than Jake. I was amazed to find out that the black was Jake's littermate
brother. He looked like he was about three months older.
When I made my last payment,
the breeder was on her way out and told me she would mail me the
registration certificate so I could get Jake registered. It turns
out that she never did.
Jake and I headed out
on our first Land Rover camping trip during the week before Labour
day (Just a couple of days after making my last payment). We were
doing fine at first but by the end of the week he seemed to be feeling
"off". I had decided to cut the trip short and get home
a week early. A day after I made the decision he started acting
really sick. I made a quick run to a local vet who said the symptoms
were classic for canine distemper. This of course was not what I
wanted to hear. I decided to make a bee line towards home which
was three days drive away. During that time he mostly slept. I had
to force water and food down him. I stopped at another vet along
the way to see if there were anything that could be done. The second
vet independently made the same diagnosis. I was told to keep him
warm and comfortable. Make sure he got enough water and food and
that maybe he might survive.
As soon as I got home
I made an emergency appointment with my vet who also said the symptoms
did indeed look like canine distemper. However his blood panel work
came back showing levels way out of normal and toxic buildups of
some waste substances. It looked like a kidney related problem.
More blood was drawn for additional tests.
The day after the vet
visit Jake started going into seizures. I took him back to my vet
and had him put to sleep.
The autopsy showed Jake
had only partially formed kidneys that barely functioned. He was
an example of undesirable genetic recessive genes being expressed
through inbreeding. The lack of functional kidneys is why he was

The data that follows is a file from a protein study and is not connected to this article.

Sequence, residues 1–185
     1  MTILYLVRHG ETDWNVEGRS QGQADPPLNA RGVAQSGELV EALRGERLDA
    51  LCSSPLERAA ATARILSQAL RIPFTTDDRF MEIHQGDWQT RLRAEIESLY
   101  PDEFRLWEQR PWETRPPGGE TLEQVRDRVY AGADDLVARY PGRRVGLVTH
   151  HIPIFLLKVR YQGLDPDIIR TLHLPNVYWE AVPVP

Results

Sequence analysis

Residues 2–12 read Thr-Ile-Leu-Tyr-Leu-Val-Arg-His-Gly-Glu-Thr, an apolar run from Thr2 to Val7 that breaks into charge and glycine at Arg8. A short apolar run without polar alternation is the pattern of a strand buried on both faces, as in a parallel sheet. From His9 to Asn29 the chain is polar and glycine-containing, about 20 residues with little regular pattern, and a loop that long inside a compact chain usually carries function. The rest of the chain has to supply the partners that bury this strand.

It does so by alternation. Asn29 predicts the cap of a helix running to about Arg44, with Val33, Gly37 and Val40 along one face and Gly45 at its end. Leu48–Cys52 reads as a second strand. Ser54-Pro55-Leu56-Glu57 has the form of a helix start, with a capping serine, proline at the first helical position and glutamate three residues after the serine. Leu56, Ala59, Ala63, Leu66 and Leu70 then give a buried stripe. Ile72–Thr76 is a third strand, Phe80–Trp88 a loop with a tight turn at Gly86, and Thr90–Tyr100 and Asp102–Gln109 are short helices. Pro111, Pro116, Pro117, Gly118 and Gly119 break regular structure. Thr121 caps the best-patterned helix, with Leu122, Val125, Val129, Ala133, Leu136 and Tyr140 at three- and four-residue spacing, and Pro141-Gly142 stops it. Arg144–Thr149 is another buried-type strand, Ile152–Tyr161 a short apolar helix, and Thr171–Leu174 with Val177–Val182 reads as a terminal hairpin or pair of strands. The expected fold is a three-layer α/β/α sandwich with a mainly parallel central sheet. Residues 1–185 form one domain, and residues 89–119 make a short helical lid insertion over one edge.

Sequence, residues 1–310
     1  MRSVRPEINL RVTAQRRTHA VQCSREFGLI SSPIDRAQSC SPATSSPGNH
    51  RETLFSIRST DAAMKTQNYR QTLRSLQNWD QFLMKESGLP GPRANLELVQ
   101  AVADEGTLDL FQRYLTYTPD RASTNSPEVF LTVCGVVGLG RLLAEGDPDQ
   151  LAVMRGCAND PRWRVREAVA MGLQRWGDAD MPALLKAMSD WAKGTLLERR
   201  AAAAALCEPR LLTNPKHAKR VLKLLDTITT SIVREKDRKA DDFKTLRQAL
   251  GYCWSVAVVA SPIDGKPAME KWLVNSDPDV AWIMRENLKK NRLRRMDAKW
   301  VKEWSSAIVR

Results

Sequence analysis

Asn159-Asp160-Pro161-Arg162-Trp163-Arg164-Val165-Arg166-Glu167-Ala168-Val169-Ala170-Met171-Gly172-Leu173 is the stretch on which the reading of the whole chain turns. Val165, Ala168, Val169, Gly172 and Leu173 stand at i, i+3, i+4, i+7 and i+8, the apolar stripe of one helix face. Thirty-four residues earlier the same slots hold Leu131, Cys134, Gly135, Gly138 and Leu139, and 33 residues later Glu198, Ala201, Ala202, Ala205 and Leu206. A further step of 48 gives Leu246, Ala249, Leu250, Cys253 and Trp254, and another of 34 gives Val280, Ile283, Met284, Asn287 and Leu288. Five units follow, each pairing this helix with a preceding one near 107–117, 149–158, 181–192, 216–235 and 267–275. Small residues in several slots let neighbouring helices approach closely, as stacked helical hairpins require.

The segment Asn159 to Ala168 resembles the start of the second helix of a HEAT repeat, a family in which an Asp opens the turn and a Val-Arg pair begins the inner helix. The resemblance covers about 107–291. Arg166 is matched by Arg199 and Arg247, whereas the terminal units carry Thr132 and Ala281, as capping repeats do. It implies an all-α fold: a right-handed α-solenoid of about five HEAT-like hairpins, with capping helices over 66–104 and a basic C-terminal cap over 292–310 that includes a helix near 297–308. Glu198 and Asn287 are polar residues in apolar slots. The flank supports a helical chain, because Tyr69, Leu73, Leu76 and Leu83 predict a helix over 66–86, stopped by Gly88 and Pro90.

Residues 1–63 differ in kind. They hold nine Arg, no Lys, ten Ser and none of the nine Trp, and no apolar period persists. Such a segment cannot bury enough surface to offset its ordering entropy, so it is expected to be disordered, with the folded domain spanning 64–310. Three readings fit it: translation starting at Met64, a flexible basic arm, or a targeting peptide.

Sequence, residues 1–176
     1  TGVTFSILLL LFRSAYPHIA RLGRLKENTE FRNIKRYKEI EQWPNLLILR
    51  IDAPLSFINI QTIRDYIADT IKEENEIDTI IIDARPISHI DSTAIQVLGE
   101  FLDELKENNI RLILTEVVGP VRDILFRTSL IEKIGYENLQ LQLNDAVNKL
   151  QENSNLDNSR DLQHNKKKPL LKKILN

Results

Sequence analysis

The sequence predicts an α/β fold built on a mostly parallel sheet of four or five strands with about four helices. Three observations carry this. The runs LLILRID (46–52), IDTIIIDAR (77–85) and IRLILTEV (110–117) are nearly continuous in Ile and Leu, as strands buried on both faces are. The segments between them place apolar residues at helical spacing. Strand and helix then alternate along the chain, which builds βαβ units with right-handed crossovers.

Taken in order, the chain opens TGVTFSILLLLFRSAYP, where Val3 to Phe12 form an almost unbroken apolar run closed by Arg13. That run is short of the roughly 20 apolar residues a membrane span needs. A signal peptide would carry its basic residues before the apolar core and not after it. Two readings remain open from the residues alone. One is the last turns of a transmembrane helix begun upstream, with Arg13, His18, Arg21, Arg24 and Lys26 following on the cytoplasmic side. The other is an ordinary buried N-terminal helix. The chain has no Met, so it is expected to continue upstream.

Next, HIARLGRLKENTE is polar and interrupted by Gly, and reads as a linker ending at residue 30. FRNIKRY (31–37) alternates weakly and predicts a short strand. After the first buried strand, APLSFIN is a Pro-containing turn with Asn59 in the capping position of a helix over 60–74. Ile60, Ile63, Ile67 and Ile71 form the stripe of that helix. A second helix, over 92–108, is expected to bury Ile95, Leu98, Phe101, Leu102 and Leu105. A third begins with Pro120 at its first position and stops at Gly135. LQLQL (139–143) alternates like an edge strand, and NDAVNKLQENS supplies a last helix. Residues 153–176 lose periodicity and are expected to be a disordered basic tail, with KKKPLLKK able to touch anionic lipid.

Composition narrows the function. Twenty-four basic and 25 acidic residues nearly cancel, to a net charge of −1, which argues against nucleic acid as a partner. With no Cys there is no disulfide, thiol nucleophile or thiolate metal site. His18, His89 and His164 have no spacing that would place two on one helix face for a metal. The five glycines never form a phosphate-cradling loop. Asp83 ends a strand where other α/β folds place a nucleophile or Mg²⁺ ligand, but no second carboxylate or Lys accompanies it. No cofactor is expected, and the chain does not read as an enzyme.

the runt of the litter and was so much smaller than his sibling.
It explained why he spent so much time sleeping, drinking and urinating.
It also explained why he was providing so much love. He only had
a few months to provide all the love that would normally be given
out over years of wolfhound companionship. I should have named him
Tiny Tim instead of Big Jake.
I returned to the breeder
with a copy of the autopsy report and asked for a refund of my thousand
dollars. The breeder was in the middle of moving to Southern California.
She told me that she does not provide refunds but that she will
provide me with a replacement puppy from her next breeding. She
took all my information and assured me that she would get in touch
with me after she got relocated and provide me with her new address
and phone number.
That was the last I
ever heard from her.
information/ Conformation/ Health details
Reg # Never registered.
The breeder was going to mail a
to allow me to register him but never did.
Dam: Chrisma Egypt
Ballykelly of Swords
Maria of Swords
Africa of Swords
Maria of Swords
It was hard to say.
He seemed sound of frame and conformationally correct but he
never got a chance to grow to adulthood.
he was very loving and devoted and never showed any sign of
Big Jake was born
with minimal partially formed kidneys that never worked properly.
This caused him to grow slowly. Over time his kidneys could
not keep up with internal toxins and he died way way too young.
I abhor the use of inbreeding for pets. Especially when what
should be culls get sold to unsuspecting people.